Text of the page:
482F Oven on a 95F day

Posted on Saturday, August 22, 2009 | 0 comments

Since the temperature was bordering on 100 today, we decided to spice things up even more and hit Naan Ghandi's for lunch. The actual name of the restaurant is Tandoor, but we always refer to it at Naan Ghandi's. (The first time we went, after the place had just opened, there was a guy making nann who, I swear, could've been Ghandi himself reincarnate. And wow, could Ghandi make a mean naan!) There are a few Indian restaurants in our area, but this one is definitely the best.
Ghandi unfortunately disappeared after that first sighting, but Naan Ghandi's has thankfully continued to prosper. Quite possibly solely due to their cocaine soup. Seriously, though, this is some of the best soup I've ever had. It's absolutely addicting. We've been trying forever to figure out exactly what is in this stuff, and have even asked the manager/head waiter. His response? 'Chiiicken....some egg...and spices, lots of spices'. Thanks. Very helpful, mister. I've spotted some pepper in there, and it also has a slightly sweet taste, so we're guessing sugar, too. If anyone has any idea what kind of soup it is, please tell me so I can do a recipe search! I've already scoured the internet for 'Indian chicken soup recipe' to no avail.
Besides our amazing soup, we also got a little sampler of tandoori chicken, rice, salad, and then some kind of chicken curry (I can't remember exactly what the name was), and some ram curry. Or it could have been 'l'amb curry. Hah. Whatever the case, it was something to do with sheep, and it was great. Oh, and of course, naan as big as your head. We were of course stuffed by the time we rolled ourselves out an hour later, but it was definitely worth it. Naan as big as your head!

Moving on to dinner...I tried a recipe from the Barefoot Contessa cookbook that came highly recommended (thanks, Kristyn!). Eli's Asian Salmon. Not sure who Eli is, but he makes some pretty crazy fish. Here's the recipe, preceded by my own notes.

We couldn't find 'fish sauce' per se at the grocery store, so we bought Nanpura, which is pretty close---a kind of fishy soy sauce made with anchovies. They also didn't have chili paste and we were too lazy to head over to the import store, so we bought tobanjan, which is Chinese chili paste made with red pepper, broad bean paste, soy sauce, chili oil, and sake lees. To make up for all this extra sodium, I used light soy sauce. Finally, our microwave/oven only goes to 250F, which is 482F, not quite 500F. Nanpura and Tobanjan

I kept everything else the same on a quarter scale though, right down to the panko, which was rather a sacrifice on my part since all the panko we could find contained shortening or margarine. And if you know me, you know that I hate hate HATE trans fats. HATE. THEM. Here's hoping that Japanese culture catches on soon to how evil that crap is. (It's only taken Americans how long?) Seriously though, there's even shortening in most types of bread here! If you're reading this over breakfast, put down your toast and go check your bread loaf label...yuck.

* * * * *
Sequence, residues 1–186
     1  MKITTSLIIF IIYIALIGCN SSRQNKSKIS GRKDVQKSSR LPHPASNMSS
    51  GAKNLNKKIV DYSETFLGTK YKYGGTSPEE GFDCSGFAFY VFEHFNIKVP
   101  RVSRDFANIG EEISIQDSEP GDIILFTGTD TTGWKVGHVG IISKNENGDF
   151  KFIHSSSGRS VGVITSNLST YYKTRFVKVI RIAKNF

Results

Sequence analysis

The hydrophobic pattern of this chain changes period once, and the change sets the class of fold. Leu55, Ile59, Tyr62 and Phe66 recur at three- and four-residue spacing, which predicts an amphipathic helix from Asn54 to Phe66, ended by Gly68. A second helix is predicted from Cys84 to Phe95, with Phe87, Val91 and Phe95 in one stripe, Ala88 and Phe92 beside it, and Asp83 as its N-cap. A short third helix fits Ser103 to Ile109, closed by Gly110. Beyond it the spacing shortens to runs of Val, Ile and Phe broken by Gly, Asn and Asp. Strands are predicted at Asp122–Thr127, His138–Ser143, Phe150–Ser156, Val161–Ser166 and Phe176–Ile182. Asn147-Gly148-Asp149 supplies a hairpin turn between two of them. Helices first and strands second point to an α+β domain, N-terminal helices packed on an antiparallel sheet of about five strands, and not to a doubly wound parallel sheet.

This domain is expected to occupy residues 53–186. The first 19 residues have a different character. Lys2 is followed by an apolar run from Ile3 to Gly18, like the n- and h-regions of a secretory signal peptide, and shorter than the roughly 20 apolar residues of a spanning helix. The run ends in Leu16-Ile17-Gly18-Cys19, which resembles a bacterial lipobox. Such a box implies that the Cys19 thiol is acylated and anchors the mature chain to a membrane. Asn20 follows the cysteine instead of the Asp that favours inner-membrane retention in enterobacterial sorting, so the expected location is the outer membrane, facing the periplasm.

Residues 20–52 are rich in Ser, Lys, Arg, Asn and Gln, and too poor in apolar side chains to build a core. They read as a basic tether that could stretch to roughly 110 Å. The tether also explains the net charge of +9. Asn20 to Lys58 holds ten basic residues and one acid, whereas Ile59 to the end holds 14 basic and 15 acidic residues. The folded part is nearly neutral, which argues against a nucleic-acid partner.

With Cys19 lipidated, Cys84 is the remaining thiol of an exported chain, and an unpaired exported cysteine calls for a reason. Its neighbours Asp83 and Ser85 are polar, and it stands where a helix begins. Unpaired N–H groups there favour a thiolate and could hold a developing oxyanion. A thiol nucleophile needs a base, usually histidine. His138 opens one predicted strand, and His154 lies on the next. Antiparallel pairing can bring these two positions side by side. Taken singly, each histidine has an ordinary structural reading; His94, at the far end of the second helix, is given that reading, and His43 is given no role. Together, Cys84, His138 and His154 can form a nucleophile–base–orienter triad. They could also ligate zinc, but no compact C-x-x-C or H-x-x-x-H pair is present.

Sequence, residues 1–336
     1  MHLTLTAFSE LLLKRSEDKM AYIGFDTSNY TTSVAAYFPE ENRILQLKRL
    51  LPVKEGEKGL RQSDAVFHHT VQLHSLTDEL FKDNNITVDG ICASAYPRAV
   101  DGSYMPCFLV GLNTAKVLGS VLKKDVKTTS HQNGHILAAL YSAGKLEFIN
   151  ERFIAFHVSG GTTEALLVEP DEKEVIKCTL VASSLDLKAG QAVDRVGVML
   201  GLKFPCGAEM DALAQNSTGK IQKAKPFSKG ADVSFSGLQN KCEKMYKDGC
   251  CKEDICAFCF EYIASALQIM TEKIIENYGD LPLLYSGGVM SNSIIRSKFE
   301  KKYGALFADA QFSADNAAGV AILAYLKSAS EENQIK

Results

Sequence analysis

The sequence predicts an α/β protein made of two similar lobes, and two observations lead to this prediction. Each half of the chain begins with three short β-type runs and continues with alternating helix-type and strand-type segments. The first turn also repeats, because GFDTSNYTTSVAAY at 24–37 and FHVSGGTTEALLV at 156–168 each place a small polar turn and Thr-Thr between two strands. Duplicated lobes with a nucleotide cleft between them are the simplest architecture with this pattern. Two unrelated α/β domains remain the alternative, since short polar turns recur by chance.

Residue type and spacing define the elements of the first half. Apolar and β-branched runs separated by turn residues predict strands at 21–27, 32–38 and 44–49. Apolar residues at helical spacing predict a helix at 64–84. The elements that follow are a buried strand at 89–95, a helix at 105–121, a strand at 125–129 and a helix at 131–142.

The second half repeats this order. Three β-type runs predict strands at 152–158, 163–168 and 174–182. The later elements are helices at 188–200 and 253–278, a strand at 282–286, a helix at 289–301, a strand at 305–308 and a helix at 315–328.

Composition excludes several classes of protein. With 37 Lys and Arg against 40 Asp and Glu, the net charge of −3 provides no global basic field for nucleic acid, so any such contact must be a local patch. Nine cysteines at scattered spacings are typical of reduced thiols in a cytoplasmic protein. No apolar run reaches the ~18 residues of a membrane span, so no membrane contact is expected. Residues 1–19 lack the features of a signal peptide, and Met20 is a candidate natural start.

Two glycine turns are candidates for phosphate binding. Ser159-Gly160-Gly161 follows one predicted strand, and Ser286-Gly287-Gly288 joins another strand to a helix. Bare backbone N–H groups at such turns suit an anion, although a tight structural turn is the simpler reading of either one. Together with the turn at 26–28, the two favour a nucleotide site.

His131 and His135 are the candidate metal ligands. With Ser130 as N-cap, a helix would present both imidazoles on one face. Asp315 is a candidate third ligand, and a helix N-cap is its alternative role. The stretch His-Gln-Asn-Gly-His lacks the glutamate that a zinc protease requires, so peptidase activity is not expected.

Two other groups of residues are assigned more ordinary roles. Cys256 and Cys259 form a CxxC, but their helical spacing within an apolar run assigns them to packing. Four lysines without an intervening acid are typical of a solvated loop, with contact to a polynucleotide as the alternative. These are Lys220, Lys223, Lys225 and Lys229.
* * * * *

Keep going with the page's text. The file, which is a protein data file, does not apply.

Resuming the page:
Back on track, though. Our overall rating of this recipe was a 7. It was good...but also a bit too 'in your face' in terms of flavor. That could be from the substitutions I made, or it could be due to the fast that Yuki and I are both accustomed to milder Japanese cuisine. Also, perhaps because it was baked at a slightly lower temperature, the panko wasn't really crispy. I'm guessing it wasn't supposed to be though, since the instructions tell you to cover the salmon tightly after removing it from the oven and let it sit. I'd recommend crushing up some saltines and using those instead of panko. They're easier to find in the U.S. and will likely stay crispier, besides the obvious benefit of no trans fats.

Eli's Asian Salmon
From: Barefoot Contessa at Home, by Ina Garten

2 1/4 pounds center-cut salmon fillet (1 1/2 inches thick)
1 cup soy sauce
1/4 cup rice vinegar
1/4 cup freshly squeezed lemon juice (2 lemons)
2 tablespoons oyster sauce
1 tablespoon fish sauce
1 tablespoon toasted (dark) sesame oil
1 1/2 teaspoons chili paste
1/2 cup sliced scallions (2 scallions)
2 tablespoons minced garlic (8 large cloves)
2 tablespoons minced fresh ginger
1 1/2 cups panko (Japanese bread crumbs)
Line an 8 by 12-inch baking pan with aluminum foil. Place the salmon in the pan.

In a mixing cup, combine the soy sauce, rice vinegar, lemon juice, oyster sauce, fish sauce, sesame oil, chili paste, scallions, garlic, and ginger. Pour 1/3 of soy sauce mixture over the salmon fillet.

Sprinkle the panko evenly over the fillet. Pour the rest of the soy sauce mixture evenly over the panko. Be sure to soak the panko completely and if any runs off, spoon back onto the salmon. Set aside for 15 minutes, leaving all the sauce in the pan.

Meanwhile, preheat the oven to 500 degrees F. Roast the salmon for 18 to 20 minutes, or for about 12 minutes per inch at the thickest part of the salmon. The internal temperature will be 120 degrees F on a meat thermometer when it's done. Remove from the oven, wrap tightly with aluminum foil, and allow to rest for 15 minutes. Serve hot or at room temperature.

The final product: Eli's Asian Salmon along with sesame spinach and a melody of sauteed mushrooms